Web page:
Tibor R. Machan
In the community where I live, as in many others but a bit more so,
environmentalist are hard at work to put a stop to all developments,
meaning all efforts to increase the available housing and other human
amenities that come from people wanting to live there. Orange County, CA,
is a highly prized area?the weather is very desirable, there is nowadays
an abundance of jobs, and schools are passable, the entertainment and
amusement being offered up better than in most places around the globe and
so forth. So it?s no wonder people want to live there and those with land
find a demand to fill for homes and other amenities?developments, as they
have been dubbed, probably because the designation tends to remove from it
the human element and suggests raw greed.
Just now the biggest land owner in the region, the Irvine Company, has
proposed what is referred to the ?East Orange scheme? which is the nemesis
of the local and other branches of the Sierra Club. The Club and all its
allies are hard at work to try to bring the project to a halt. Their first
line of attack is based on the contention that the new development is
likely to grind the local traffic to a halt. But, in fact, this is only
the first of their salvos. The far more important sounding reason they
offer?when you check out their web site at www.Eastorange.org?is that
?These lands are part of one of the most biologically important open space
areas in the entire state.?
I admit to not being very eager to go to the defense of the Irvine
Company, mainly because it is one of those huge corporations that has no
compunction about getting into bed with the government so as to enhance
its economic fortunes. (For more on the company, see [
It began in 1864, when James Irvine made a killing in the California Gold
Rush and later bought up 120,000 +/- acres of ranchland in what became
Orange County, Southern California. The land the company owns covers the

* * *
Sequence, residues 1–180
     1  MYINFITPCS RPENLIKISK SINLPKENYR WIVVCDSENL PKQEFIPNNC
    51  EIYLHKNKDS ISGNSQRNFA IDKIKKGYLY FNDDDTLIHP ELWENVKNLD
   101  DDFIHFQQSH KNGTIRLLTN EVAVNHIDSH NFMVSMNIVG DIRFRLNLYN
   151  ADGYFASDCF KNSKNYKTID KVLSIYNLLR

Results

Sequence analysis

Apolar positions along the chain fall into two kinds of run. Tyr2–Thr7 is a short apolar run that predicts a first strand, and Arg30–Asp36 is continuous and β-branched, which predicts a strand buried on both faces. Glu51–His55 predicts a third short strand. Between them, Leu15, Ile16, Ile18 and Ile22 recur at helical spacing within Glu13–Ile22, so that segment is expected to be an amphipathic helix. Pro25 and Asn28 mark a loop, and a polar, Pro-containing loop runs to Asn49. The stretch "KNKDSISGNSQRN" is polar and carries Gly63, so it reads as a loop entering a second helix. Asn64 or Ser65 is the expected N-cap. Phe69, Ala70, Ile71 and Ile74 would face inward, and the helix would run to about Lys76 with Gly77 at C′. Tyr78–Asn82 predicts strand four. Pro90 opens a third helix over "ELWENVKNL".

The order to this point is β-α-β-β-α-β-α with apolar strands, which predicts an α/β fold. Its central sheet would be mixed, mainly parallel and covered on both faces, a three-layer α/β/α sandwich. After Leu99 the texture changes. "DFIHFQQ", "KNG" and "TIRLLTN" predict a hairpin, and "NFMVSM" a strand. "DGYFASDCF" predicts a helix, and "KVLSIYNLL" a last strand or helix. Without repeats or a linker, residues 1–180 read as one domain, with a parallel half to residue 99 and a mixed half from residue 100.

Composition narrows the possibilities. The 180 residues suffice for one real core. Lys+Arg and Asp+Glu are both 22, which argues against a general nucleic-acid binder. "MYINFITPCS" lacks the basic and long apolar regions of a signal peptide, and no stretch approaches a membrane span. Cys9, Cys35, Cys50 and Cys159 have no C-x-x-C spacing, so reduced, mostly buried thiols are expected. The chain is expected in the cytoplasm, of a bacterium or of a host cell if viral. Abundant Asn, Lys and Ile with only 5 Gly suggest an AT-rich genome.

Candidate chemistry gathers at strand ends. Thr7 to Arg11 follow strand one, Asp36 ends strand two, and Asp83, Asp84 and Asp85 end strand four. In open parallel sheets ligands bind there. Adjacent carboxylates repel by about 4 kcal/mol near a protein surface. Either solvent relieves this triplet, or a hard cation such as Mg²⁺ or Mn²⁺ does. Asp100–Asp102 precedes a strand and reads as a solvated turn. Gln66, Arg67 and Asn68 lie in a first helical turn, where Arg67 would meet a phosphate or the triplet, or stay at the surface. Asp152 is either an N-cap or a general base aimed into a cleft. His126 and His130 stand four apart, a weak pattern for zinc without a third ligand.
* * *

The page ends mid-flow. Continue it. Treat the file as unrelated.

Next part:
region several miles inland from the Pacific Ocean all the way north to
the Cleveland National Forest where I live, in Silverado Canyon.
Anyway, what struck me about the crucial reference to how ?biologically
important? is the land to be used for development is that while it sounds
significant, if one thinks about it a bit that phrase carries very little
meaning. Suppose it said that the land is botanically important? Or
zoologically important? Or residentially important? All these might convey
some nearly clear meaning because they point to an area of life that the
land may benefit. It may help plants, or animals, or people looking for
someplace to live. ?Biologically? is too broad a category and, since the
company?s plans to develop it for human habitation implies that human
beings will be living there, that, too, may well be part of what makes it
important. We are, after all, biological entities and when land is used to
provide us with living space, that could be construed as being
Surely, however, this is not what the Sierra Club & Co., want to convey
by that phrase. But then what? Something, one may assume, that is left
deliberately unspecified in the text on the Web Site.
For something to be important, it must be important to something else.
Water is important for most life, as is oxygen and inhabitable land.
Because, however, there is probably more demand for such land in certain
regions of the world than is available, priorities need to be set.
In a free society the priorities are set by way of the pricing system
because how much things cost shows just how badly people want it. This
amounts to a reasonably sensible rationing process, with how much, and how
good, people get to have dependent on how well off they are, how hard they
have worked to be so well off, how lucky they have been, etc., and so
forth. All this works out without some group of central planners of the
kind they had in the old Soviet Union, groups that are in the end clueless
about how to allocate resources rationally.
My bet is that the Sierra Club people are just as clueless about that as
were those in the Kremlin, although I am sure they fancy themselves very
wise. And this they evidence by using such ambiguous and thus useless
language as exemplified by the phrase ?biologically important.?
Don?t get me wrong?gridlock on Orange County roads can be hellish, in
part because they are build by government which tends to plan much like
those guys did in the Kremlin, without a clear idea what actually is in
demand and how much will it cost. Still, one can appreciate worries about
crowded roads and other infrastructure challenges. What is a mystery,
however, is what on earth ?biologically important? should be understood to